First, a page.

Now that you understand the roles and responsibilities of each of your career options, you will take the next step so that you can get a true feel for each occupation and the types of duties you would perform on a daily basis. You will move from gathering information to gathering intelligence with a human touch. It is a process we call Field Research or gathering primary information about occupations. Desk research was all about gathering information from published sources. With Field Research, you will be interacting directly with people who are employed in the careers you want to pursue.
Primary research involves obtaining first-hand information directly about the careers you are pursuing. It is designed to answer specific questions of interest to you. Here are some of the questions that you could ask – and answer – during this process:
- What will be expected of me in this career?
- What are the key skills needed for this career?
- How do people in this career feel about their career choice?
- What type of challenges would I encounter if I enter this field?
- How did the person you are meeting with enter this career?
To collect primary information a person must carry out field research. The main methods of field research are:
- Informational Interviews
- Job Shadowing
The following sections describe the two methods above and provide guidance on how to appropriately execute each option. One option is not superior to the other. You can opt to use one or all of the methods. Map out a plan based on the following information.
Informational interviewing should be an integral part of your Field Research. One of the best sources for gathering information about what is happening in an occupation or an industry is to talk to people working in the field. This process is called informational interviewing or research interviewing. An informational interview is an interview that you initiate – you ask the questions. The purpose is to obtain information, not to get a job. This is an important fact to keep in mind. Many people misuse informational interviewing to land a job rather than to learn about various careers and industries. This can cause pain for everyone involved in the process. It could hurt your chances of obtaining future informational interviews, especially if a friend did you a favor and made an introduction. If you engage in this process as a means of discovery, view it as a good fortune that people are making time in their busy schedule to meet with you.
Reasons to Conduct Informational Interviews
- To understand job demands, frustrations, satisfactions and how a certain career has influenced people’s lives.
- To gain solid information that will help you evaluate how your skills and interests dovetail with a particular career or business.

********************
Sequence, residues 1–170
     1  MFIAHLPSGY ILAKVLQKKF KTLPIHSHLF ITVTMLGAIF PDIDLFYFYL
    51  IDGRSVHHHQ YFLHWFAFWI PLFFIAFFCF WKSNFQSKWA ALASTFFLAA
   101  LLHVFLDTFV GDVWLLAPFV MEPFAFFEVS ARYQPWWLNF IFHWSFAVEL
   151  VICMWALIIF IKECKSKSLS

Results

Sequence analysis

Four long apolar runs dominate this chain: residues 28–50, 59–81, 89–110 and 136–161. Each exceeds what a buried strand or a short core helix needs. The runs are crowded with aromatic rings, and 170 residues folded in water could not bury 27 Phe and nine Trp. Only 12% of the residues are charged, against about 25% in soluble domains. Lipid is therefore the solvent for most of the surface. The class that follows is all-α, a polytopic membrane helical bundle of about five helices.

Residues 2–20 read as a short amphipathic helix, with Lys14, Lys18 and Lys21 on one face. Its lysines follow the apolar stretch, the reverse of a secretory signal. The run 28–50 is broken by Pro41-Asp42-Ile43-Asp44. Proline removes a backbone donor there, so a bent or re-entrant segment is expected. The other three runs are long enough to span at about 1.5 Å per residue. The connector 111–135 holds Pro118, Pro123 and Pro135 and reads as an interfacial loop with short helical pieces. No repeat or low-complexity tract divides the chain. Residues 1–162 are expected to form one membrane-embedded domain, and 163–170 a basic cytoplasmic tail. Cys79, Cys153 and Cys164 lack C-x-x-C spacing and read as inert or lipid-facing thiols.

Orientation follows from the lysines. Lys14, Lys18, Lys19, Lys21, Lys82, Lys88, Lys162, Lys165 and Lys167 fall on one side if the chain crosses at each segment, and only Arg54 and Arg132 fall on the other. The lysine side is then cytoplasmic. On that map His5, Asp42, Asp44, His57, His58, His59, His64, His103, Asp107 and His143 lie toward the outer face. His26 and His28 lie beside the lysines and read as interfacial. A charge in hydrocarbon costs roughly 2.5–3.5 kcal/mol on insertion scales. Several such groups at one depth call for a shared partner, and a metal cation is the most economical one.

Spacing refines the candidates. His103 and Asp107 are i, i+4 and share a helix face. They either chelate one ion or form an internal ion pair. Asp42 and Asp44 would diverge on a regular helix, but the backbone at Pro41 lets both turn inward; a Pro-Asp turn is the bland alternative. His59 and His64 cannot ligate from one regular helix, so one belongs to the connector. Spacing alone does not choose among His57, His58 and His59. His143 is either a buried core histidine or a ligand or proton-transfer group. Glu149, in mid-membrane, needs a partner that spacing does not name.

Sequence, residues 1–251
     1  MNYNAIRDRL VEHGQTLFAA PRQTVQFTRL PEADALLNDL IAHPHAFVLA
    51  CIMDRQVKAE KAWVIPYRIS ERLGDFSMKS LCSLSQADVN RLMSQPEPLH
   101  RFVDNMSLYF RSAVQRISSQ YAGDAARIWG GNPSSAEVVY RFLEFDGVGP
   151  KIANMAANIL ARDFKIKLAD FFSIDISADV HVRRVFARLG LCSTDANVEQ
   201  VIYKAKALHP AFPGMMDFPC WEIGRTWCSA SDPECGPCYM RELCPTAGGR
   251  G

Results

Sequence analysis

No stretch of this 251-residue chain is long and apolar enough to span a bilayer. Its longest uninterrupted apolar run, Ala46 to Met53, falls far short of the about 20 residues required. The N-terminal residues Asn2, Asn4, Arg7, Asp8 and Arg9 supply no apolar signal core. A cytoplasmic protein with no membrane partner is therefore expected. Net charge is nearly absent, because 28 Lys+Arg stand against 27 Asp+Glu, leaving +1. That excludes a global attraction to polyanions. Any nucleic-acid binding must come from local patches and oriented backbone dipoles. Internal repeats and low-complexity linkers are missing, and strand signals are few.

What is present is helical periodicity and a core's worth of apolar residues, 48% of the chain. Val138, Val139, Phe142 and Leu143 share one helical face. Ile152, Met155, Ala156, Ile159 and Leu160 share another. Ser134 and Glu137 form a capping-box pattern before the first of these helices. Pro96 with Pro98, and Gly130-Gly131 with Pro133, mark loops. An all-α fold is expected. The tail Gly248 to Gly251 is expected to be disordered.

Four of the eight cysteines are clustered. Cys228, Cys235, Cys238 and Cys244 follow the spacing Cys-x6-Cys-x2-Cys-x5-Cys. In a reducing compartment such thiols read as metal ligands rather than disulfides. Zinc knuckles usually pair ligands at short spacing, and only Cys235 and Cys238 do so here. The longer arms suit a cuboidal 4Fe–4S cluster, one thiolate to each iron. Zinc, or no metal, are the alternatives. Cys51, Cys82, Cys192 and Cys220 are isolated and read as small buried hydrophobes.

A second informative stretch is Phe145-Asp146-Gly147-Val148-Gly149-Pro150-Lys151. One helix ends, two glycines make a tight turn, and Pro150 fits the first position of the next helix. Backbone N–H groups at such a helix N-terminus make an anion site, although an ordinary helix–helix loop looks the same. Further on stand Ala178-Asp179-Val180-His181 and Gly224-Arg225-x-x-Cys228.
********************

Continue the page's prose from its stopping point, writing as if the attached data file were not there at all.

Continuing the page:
- To gain insight into the hidden job market –employment opportunities that are not advertised.
- To learn what the industry or employer values in its employees.
- To gain confidence when interviewing for a particular position. You are in control of the interview; you decide which questions to ask. Later, you will evaluate the acquired information for personal use.
- To increase your network by leaving a positive impression with someone who could provide encouragement, support, and future access to job leads.
- To find out whether jobs are available in the field or business you want to enter.
- To find suggestions about the career or the employer.
Six Steps To Conducting an Effective Informational Interview
Step One: Identify the Occupation or Industry to Learn About
Assess your own interests, abilities, values, skills, and evaluate labor conditions and trends to identify the best fields to research.
Step Two: Identify People to Interview
Start with lists of people you already know, including friends, relatives, fellow students, present or former co-workers, supervisors, and neighbors. Professional organizations, the yellow pages, organizational directories, and public speakers are also good resources. You may also call an organization and ask for the name of a person by job title.
The following questions may help you schedule your informational interview. Please feel free to modify the questions to better meet your communication style. It is important to keep asking people questions until you find a “warm” lead.
- Do you know anyone who works for COMPANY?
- Do you know anyone in a TARGET position at COMPANY?
- Do you think anyone you know will know someone at COMPANY?
- Do you know anyone who helps hire into COMPANY?
- Are you willing to help me connect with COMPANY or with your friend who can connect me to someone at COMPANY?
We recommend that you meet with a minimum of three people per occupational choice. It is important to meet with people at different companies to get the broadest exposure to your career choices and to minimize bias. We recommend that you structure each informational interview based on three perspectives:
- New to career – Interview someone who just entered your field of interest. This will give you a fresh perspective of the career.
- Experienced in career (likes it) – Interview someone who likes their job and has lots of experience in the chosen career. This will help you gain a balanced perspective, both positive and negative, about what you can really expect on the job and avenues for advancement.